The 3 Attachment Styles.

There are three different attachment styles: anxious, avoidant, and secure.


1. Anxious

Definition: “People are often preoccupied with relationships and tend to worry about their partner’s ability to love them back”. This happens in an interesting way. “Every time you get mixed messages, your attachment system is activated and you become preoccupied with the relationship...and what you’re really doing is equating activated attachment with passion.”

Behavior: Person attempts to…re-establish contact, keeping score (paying attention to how long it took the other person to respond or waiting for them to make the first “make-up” move), acting negative when they do get back to you, making threats to end the relationship (“we’re not getting along, I can’t do this anymore”) while hoping THIS will stop them from leaving.


2. Avoidant

Definition: “People equate intimacy with a loss of independence and constantly try to minimize closeness.

Behavior: Saying “I’m not ready to commit”, focusing on small imperfections, pining after an ex, pulling away when things are going well or starting to progress, forming relationships with an impossible future (someone married or long-distance)


3. Secure

Definition: “People feel comfortable with intimacy and are usually warm and loving.”

Behavior: These people are not game players, they’re great at conflict or confrontation, mentally flexible, comfortable with closeness, quick to forgive, secure in their power to improve a relationship.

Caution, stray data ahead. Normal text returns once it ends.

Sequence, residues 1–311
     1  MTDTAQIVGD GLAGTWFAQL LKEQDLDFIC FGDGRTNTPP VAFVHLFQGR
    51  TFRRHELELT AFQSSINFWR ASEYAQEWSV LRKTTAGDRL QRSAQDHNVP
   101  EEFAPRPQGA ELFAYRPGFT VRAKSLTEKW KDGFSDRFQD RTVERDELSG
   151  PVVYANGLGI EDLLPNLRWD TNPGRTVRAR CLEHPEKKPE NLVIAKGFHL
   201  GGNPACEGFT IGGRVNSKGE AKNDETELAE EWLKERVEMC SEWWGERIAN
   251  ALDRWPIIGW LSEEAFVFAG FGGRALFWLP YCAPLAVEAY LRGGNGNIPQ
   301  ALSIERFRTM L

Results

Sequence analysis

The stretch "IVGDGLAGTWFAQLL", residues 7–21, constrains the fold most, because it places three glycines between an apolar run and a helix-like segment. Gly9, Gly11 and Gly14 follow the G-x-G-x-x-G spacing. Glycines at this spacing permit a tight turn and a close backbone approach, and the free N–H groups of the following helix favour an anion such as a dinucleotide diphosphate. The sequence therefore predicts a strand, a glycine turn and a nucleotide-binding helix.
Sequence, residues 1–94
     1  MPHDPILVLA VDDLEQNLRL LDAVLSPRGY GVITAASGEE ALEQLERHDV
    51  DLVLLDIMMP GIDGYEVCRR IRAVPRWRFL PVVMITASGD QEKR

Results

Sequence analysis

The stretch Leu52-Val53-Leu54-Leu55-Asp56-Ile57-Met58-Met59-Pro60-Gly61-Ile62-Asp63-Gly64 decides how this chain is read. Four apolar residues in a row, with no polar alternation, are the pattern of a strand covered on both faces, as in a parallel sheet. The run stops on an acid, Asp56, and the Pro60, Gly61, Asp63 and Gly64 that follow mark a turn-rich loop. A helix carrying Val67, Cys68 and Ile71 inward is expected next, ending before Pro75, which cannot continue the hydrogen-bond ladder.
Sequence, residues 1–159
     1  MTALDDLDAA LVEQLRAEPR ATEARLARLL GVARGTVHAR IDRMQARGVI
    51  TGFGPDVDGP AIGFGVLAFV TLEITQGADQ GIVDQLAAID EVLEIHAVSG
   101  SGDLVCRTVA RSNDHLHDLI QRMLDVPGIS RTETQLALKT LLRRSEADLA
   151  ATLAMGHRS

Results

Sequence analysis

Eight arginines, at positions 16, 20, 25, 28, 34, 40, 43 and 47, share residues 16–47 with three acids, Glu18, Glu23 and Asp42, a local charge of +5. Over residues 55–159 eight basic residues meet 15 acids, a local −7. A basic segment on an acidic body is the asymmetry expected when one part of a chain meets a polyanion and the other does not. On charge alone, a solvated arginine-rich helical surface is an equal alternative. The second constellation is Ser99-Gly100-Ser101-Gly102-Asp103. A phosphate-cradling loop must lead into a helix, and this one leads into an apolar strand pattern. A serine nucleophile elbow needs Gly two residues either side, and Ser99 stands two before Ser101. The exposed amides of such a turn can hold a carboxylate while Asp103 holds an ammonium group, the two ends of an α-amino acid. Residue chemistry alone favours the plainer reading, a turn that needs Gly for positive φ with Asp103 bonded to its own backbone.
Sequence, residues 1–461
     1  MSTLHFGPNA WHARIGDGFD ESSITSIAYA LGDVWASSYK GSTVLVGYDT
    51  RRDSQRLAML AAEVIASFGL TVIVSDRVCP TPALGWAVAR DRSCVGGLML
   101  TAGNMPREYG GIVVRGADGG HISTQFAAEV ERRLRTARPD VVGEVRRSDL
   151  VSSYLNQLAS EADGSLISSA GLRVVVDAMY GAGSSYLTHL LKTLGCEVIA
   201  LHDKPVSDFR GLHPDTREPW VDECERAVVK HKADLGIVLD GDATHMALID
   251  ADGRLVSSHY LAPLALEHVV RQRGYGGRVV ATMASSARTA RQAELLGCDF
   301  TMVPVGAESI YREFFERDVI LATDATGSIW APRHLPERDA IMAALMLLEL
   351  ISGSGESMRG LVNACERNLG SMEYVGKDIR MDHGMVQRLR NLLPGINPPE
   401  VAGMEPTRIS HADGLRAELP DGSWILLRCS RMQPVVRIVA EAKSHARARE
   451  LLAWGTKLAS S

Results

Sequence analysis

Statistics of the Dating Pool.

It all made sense! The biggest group of people in the dating pool are avoidants. It was simple psychology. The people that avoid intimacy and relationships are more likely to be single. Secure people are comfortable attaching themselves to relationships so they are not in the dating pool often, and if so, not for very long.

AND, if you’re wondering if avoidants date other avoidants, it’s not very likely because they are both so avoidant to each other that there isn’t enough glue to even form a bond in the first place.

“When you meet someone new, the probability that they have an avoidant attachment style is high -- much higher than their relative size in the population. Not only are they recycled back in the dating pool more quickly, but they are not dating one another (at least not for long), nor are they dating secure people, because secures are less available. Who are they meeting? That’s right: potential partners with an anxious attachment style.”


Anxious people attach to Avoidants.

This is why mini-relationships occur…and why we date the wrong people, over and over.

So, if we’re not secure, why do we attach to our opposites? The book explains that the opposing styles are actually compliment to one another.

“Each reaffirms the other’s beliefs about themselves and about relationships...each style is drawn to reenact a familiar script over and over again”